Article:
Bob, a 45-year-old nurse, had a five-year history of fatigue. A blood test revealed that he had low levels of a range of B vitamins. Within a week of receiving multiple B vitamins via intravenous therapy and a daily high-potency oral multivitamin, his symptoms improved significantly.
Deficiencies of vitamins and nutrients, such as B-12… magnesium… and/or the super antioxidant glutathione, all can contribute to fatigue. Unlike the digestion problems explained earlier, this type of nutrient deficiency is directly linked to not getting enough of a nutrient either because of poor diet, unhealthful lifestyle or aging. A blood test to determine which nutrients are low often is the best way to determine the cause of the problem — and then supplement accordingly.
When HGH is Imbalanced
Tony, a 64-year-old patient, had suffered from extreme fatigue for three years. He had telltale symptoms of human growth hormone (HGH) deficiency, including decreased muscle mass. Testing confirmed the deficiency, so I prescribed daily HGH injections. Within eight weeks, his fatigue was gone.
Hormone imbalances are a common, and often overlooked, cause of fatigue. HGH is one of the major hormones that, when deficient, can have a negative impact on energy. HGH peaks in the body during adolescence, then declines slowly with age. If levels drop too low, fatigue can result.
High HGH levels are associated with cancer risk, so people who are deficient and receive supplementation need to be monitored by a qualified physician. Those who are truly deficient, and receive treatment via injection, experience a boost in energy virtually overnight. After reaching optimum levels of the hormone, patients continue to sustain these levels with proper lifestyle and diet choices.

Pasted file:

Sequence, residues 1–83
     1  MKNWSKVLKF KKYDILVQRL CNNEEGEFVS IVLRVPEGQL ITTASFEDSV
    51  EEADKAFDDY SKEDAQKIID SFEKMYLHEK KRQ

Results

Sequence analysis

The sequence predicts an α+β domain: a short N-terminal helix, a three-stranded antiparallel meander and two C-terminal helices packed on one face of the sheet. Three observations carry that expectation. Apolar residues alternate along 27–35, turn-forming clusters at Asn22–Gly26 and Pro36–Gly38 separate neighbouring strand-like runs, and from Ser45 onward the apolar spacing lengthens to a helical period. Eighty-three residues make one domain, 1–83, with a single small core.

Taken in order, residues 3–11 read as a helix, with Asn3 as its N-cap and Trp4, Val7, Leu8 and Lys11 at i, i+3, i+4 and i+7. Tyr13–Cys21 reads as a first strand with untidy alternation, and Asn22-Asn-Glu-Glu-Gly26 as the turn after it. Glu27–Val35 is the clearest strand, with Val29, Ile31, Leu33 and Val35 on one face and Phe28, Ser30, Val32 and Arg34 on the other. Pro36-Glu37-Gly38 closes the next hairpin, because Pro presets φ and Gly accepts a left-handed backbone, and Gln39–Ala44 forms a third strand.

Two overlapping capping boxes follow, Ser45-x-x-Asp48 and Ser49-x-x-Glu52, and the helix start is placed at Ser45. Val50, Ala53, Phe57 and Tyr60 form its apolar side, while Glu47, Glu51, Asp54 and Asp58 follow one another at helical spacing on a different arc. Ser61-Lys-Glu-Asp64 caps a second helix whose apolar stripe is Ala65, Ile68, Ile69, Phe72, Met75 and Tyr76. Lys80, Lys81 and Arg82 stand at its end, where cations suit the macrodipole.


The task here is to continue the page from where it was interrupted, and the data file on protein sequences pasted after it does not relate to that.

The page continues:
Other hormones that can become deficient and affect energy are those produced by the adrenal glands and the thyroid gland.
Blood Sugar Highs and Lows
Alice, a 38-year-old mother, had such severe fatigue that she couldn’t care for her children. If she waited longer than two hours between meals, her fatigue worsened. For me, that was the clue that her blood sugar might be low. An oral glucose tolerance test revealed that she had hypoglycemia (low blood sugar). I recommended a diet and supplement regimen to stabilize her blood sugar. Within a week of being on the program, Alice had her energy back.
Blood sugar that is either too low (as in hypoglycemia) or too high (as in untreated prediabetes or diabetes) can cause fatigue. In people with low blood sugar, there isn’t enough glucose in the blood to fuel the cells properly. In patients with prediabetes and diabetes, the body is less responsive to insulin, so sugar isn’t transported properly into the cells. Patients with high or low blood sugar need to balance amounts of healthful fats, carbohydrates and protein. Soluble fiber (found in foods like oatmeal and legumes) helps to slow the release of blood sugar.
Several supplements can help stabilize high or low blood glucose levels, including PGX, a soluble fiber supplement… alpha lipoic acid, an antioxidant that protects cells from damage… resveratrol, an antioxidant that reduces blood sugar… vitamin D-3… and blood sugar-balancing minerals (chromium and zinc) and herbs (gymnema sylvestre and bitter melon).
Now that you have a better understanding of the five hidden energy thieves, think about which, if any, of these circumstances apply to you. If they do, then take this article with you to your next doctor’s appointment and make a point of discussing it.